"That's what fiction is for. It's for getting at the truth when the truth isn't sufficient for the truth." Tim O'Brien
Just as The Overstory told truths about a very real environmental struggle, The Nickel Boys hits home much harder than any newspaper article or documentary ever could
Yes, it's another important book-- the fictional account of a young black man, sent to a hellish reform school for the innocent mistake of accepting a ride with a stranger in a stolen car--his lofty ideals, his struggle to survive, and his hope of exposing the brutality and corruption at the heart of the school.
Whitehead's compelling narrative is inspired by The Dozier School for Boys in Marianna, Florida which existed for over a hundred years, perpetrating unspeakable wrongs on the young men sentenced to its 'care.'
Whitehead's writing is so strong that at first I was convinced he was writing from personal experience. Not so.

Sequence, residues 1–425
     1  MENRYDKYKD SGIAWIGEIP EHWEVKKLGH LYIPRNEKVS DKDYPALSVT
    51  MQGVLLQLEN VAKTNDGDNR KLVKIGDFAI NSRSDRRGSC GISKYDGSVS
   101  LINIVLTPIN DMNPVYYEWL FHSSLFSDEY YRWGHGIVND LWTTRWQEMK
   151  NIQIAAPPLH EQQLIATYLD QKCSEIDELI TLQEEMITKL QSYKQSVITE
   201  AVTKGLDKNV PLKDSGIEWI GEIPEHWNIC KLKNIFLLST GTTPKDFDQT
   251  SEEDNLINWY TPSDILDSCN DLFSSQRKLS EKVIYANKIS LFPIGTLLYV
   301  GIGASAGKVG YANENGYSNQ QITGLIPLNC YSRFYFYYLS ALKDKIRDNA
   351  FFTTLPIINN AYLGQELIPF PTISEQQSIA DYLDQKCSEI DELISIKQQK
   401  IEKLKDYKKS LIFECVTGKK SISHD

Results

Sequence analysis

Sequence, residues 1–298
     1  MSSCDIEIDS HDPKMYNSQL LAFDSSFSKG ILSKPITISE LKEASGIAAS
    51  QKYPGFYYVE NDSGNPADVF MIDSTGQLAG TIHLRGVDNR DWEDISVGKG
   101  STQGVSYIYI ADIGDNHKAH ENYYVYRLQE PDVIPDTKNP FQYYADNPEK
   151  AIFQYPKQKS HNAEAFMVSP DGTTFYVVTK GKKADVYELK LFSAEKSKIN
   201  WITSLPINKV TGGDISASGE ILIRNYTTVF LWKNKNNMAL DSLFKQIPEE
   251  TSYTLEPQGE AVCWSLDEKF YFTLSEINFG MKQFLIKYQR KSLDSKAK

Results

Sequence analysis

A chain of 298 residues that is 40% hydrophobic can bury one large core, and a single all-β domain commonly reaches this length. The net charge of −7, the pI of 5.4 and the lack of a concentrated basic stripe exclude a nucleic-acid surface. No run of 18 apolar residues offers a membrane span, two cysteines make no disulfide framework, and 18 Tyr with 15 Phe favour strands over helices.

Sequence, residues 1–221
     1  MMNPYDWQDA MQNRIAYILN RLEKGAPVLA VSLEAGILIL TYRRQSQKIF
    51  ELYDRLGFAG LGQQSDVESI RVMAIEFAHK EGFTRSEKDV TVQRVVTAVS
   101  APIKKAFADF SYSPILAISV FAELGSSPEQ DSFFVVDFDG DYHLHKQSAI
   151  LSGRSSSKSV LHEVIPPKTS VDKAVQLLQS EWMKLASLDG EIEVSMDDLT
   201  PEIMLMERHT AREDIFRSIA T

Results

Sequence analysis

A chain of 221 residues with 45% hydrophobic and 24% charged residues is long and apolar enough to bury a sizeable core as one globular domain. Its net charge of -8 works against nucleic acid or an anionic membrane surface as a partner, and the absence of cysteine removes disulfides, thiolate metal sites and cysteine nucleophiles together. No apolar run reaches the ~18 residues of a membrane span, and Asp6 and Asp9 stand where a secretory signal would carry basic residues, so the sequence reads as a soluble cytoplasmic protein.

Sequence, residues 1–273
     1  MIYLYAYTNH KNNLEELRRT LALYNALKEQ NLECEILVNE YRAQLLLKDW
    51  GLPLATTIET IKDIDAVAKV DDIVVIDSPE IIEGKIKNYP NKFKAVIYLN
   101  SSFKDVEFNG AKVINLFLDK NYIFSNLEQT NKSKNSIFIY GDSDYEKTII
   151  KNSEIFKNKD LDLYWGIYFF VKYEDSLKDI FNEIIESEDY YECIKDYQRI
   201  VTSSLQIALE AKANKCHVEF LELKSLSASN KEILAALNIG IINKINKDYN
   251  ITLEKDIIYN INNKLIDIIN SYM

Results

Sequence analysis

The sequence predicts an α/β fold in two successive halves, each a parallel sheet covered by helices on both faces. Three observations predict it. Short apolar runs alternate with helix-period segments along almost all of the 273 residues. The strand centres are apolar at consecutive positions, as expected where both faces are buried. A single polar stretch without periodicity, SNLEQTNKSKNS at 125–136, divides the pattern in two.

He relied on first person accounts by former 'students' (see Official White House Boys Organization website HERE ) and reporting in the Tampa Bay Times that first exposed the vile practices at the facility -- physical and sexual abuse, food and supplies (soap! toothpaste!) meant for the boys sold to to local merchants, restaurants, and motels, and the graves--the official cemetery and the other one, the one for the boys who'd supposedly run away.
The story was especially disturbing to me as I grew up aware that there was a reform school not far away in Marianna but completely unaware of the stark reality.
The story is set in the early Sixties, when Jim Crow and integration had collided and the proponents of segregation were especially brutal in defending their 'way of life.' And that disturbed me too, as I was blind to so much of what was going on at the time.
Another excellent and necessary book. Another highly recommended.